The Employment, Social Policy, Health and Consumer Affairs Council (EPSCO) met on 7 and 8 October for the last time under the Estonian presidency. The health and social ministers agreed to the following outcomes:
Pharmaceutical policy in the EU
The Estonian presidency continued the exchange of ideas on the current state and future perspectives of pharmaceutical policy. There was particular need to discuss supply shortages in some Member States and the pricing of medicines. The ministers discussed which measures are needed in addition to voluntary cooperation between Member States in order to achieve a comprehensive approach to balancing pharmaceutical systems in the EU.
Council conclusions on digital health
The council adopted conclusions on ‘Health in the Digital Society – making progress in data-driven innovation in the field of health’. The Member States agreed to the joint development and implementation of interoperable national infrastructures for jointly using and exchanging health data. In addition, Member States should do more to exchange experiences; for example, Member States such as Finland and Estonia can pass on their good practices regarding digitalisation.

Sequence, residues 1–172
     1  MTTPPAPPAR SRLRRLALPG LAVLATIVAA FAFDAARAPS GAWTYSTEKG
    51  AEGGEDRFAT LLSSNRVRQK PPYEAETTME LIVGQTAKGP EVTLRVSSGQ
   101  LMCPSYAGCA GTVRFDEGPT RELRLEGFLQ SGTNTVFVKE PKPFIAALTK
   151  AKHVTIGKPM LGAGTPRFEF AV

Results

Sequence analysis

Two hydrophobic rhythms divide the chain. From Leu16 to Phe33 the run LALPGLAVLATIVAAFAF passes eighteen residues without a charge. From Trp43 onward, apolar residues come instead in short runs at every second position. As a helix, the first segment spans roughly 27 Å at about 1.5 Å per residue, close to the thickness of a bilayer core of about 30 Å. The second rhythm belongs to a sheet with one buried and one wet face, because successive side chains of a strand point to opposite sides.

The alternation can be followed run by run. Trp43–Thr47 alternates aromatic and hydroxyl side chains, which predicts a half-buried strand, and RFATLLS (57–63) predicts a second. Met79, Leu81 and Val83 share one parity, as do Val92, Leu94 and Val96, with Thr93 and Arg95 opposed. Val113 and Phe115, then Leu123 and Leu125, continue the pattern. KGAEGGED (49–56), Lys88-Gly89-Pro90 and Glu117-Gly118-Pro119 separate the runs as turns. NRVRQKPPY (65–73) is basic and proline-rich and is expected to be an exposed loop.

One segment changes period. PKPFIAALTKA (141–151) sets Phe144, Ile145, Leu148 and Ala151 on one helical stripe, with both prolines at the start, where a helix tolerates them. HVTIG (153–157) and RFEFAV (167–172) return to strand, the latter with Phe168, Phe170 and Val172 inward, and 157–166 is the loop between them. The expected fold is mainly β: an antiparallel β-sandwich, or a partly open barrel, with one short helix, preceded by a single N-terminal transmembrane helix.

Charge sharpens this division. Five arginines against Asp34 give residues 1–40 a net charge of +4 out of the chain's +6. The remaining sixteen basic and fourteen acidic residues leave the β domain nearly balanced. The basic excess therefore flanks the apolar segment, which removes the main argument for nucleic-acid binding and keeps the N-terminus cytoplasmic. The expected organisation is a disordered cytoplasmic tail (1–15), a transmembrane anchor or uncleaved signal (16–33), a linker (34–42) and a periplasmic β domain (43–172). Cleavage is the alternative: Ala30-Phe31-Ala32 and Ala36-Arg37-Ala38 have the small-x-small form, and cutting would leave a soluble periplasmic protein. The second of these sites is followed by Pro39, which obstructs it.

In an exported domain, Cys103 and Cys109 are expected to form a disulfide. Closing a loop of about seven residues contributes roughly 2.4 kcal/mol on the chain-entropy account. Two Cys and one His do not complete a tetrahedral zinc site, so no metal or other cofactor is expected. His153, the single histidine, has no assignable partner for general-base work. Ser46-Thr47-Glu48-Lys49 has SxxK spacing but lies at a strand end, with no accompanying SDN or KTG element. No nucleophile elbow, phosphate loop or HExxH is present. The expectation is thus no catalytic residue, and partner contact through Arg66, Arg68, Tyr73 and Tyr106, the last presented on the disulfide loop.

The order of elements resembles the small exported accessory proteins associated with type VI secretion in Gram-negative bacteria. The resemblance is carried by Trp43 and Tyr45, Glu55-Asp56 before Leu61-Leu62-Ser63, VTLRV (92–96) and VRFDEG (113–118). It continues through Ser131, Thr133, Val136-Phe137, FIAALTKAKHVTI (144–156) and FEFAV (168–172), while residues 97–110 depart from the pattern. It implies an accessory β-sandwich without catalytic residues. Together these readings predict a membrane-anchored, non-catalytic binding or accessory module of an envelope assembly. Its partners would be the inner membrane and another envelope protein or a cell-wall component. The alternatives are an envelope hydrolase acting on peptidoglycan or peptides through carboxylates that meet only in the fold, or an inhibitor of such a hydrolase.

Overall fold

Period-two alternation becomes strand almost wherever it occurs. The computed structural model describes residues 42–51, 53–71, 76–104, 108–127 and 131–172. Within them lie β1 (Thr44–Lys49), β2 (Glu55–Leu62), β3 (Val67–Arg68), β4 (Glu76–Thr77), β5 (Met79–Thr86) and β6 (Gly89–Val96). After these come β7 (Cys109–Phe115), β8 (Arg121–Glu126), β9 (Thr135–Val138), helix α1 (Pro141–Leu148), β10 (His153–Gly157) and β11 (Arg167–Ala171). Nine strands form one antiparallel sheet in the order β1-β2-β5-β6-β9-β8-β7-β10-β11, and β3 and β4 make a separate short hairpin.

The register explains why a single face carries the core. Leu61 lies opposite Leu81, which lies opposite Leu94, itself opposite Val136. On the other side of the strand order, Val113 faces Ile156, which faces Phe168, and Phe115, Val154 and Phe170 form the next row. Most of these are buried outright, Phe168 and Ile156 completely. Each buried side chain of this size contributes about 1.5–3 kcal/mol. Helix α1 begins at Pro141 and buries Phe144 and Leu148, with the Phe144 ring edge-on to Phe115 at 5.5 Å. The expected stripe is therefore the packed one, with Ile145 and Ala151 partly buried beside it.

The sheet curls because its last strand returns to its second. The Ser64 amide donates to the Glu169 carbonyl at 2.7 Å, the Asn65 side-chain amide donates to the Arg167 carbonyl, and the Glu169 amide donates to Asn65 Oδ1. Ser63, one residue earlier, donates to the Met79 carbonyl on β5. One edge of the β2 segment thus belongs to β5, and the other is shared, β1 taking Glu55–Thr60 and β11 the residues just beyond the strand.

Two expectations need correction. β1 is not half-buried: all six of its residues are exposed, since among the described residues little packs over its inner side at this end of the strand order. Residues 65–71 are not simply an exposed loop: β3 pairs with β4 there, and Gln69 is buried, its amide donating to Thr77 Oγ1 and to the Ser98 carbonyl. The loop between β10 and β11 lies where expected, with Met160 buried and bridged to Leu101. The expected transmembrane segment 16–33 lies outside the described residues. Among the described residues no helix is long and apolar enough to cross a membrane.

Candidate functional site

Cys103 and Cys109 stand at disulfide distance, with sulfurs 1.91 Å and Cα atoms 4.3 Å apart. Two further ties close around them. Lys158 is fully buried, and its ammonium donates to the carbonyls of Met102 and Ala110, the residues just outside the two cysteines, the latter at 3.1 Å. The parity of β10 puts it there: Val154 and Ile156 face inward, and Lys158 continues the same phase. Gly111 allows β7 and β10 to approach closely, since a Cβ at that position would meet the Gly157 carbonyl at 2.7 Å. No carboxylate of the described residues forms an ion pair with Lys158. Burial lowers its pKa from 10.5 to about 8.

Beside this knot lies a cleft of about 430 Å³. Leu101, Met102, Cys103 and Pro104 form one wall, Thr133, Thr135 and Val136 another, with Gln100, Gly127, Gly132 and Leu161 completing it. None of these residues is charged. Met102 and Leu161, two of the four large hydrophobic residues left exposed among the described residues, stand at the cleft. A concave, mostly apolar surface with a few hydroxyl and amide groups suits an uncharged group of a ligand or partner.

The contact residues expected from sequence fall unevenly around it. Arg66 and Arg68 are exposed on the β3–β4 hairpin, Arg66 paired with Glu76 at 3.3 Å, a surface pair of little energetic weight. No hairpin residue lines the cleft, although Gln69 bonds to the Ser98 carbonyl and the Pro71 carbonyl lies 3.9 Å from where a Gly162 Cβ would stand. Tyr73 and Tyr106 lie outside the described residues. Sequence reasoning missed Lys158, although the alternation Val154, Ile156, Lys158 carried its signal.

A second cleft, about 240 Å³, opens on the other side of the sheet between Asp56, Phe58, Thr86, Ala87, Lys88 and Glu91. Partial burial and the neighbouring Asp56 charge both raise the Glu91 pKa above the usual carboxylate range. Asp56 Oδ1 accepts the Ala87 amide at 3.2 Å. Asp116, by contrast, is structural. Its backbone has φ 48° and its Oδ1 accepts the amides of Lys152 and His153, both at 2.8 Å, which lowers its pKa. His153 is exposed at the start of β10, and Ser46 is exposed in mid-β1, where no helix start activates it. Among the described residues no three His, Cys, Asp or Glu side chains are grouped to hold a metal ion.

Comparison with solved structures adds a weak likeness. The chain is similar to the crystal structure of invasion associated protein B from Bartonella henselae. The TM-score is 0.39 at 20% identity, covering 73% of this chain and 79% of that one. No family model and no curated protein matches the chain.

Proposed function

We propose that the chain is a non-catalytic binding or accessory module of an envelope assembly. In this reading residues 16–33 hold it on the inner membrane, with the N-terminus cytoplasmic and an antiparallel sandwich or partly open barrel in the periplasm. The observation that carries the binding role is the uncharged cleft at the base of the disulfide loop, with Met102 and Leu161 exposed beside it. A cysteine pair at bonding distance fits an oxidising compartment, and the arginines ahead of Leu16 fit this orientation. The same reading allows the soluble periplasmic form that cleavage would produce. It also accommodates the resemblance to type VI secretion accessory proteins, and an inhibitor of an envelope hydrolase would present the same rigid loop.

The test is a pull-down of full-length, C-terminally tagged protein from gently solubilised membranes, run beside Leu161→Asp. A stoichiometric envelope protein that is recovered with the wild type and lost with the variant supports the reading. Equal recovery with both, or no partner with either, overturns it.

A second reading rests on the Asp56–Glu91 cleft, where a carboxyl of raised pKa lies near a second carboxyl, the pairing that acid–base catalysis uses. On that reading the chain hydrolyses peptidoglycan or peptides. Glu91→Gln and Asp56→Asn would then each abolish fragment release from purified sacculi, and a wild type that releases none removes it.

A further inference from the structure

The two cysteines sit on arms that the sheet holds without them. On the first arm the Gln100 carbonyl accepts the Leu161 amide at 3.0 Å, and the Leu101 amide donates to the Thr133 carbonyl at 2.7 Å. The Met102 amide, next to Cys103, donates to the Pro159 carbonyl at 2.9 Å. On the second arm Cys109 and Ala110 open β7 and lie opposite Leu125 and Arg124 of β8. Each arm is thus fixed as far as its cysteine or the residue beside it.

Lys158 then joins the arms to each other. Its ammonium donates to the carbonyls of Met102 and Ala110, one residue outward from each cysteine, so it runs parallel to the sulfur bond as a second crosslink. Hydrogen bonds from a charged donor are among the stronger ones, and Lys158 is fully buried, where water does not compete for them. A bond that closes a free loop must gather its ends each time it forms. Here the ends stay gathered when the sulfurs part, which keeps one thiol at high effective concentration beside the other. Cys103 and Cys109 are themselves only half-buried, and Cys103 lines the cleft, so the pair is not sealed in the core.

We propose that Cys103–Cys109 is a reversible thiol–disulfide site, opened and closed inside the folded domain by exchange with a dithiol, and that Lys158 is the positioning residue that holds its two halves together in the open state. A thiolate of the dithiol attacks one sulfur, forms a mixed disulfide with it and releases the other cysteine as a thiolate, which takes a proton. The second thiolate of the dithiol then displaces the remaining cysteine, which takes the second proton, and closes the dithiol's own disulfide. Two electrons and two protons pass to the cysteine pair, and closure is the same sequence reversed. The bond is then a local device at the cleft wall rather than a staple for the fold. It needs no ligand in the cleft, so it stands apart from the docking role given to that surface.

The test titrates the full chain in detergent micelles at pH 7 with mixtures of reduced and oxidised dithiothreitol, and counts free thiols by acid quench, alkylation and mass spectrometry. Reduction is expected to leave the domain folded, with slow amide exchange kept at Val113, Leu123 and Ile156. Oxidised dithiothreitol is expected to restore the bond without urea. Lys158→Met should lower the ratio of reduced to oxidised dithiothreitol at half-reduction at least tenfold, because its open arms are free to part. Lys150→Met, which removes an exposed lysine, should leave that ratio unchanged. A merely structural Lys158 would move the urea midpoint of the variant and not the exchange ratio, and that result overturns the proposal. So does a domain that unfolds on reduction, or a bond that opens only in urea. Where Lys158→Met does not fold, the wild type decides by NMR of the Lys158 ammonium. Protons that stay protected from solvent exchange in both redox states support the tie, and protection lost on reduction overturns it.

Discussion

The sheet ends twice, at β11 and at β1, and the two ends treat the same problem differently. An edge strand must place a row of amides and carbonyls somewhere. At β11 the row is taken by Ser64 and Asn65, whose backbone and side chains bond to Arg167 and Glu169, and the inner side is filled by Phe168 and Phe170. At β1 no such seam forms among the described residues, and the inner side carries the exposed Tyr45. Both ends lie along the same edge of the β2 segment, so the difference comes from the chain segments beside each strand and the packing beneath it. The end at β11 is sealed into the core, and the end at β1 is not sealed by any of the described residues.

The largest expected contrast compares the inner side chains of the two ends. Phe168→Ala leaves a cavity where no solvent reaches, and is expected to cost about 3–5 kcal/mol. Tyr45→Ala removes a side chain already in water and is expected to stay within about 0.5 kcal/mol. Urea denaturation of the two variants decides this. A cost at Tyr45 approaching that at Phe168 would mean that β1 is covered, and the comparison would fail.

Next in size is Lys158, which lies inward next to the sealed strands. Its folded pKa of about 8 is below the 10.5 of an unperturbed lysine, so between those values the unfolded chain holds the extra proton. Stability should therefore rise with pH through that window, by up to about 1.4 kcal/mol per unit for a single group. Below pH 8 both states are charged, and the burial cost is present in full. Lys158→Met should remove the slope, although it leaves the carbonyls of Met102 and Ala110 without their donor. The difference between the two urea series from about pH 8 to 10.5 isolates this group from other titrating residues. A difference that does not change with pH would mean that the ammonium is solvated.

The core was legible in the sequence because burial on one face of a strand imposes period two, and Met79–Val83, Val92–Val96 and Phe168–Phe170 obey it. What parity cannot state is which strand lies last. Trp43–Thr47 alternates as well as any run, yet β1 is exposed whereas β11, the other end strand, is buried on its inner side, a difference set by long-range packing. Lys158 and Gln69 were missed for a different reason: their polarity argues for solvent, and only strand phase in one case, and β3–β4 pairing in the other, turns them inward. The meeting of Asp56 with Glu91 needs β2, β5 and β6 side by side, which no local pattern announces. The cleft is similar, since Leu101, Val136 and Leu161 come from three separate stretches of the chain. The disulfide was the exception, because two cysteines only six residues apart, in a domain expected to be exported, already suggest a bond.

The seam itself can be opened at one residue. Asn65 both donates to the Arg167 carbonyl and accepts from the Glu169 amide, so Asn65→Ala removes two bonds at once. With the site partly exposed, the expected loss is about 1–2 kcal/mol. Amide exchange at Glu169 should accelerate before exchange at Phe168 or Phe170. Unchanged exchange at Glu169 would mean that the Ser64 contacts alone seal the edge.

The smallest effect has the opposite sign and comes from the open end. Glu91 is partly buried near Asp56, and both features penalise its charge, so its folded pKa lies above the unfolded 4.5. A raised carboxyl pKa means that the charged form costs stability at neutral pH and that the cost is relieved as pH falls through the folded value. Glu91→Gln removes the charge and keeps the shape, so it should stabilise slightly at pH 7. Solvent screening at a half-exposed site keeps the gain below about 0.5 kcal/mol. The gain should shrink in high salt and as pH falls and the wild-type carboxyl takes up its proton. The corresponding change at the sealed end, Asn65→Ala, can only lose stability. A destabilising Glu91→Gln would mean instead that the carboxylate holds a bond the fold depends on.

Council conclusions on alcohol policy
The Council also adopted conclusions on ‘cross-border aspects in alcohol policy – tackling harmful use of alcohol’. Emphasis was placed on better cross-border cooperation in the trade of alcohol, reducing alcohol advertising and introducing mandatory labelling of alcoholic beverages with a list of ingredients. Several Member States reported that their national pricing and distribution strategies are being compromised in the Single Market due to alcoholic beverages being purchased in other Member States.
Partial general approach to coordination of social security systems
In reviewing EU legislation on the coordination of social security systems, Member States have made progress and adopted a partial general approach. Under the Estonian presidency, the regulations on long-term care and family benefits were discussed. For example, benefits for those requiring long-term care should have their own definition. The proposed rules for long-term care follow the principles applicable to coordinating sickness benefits.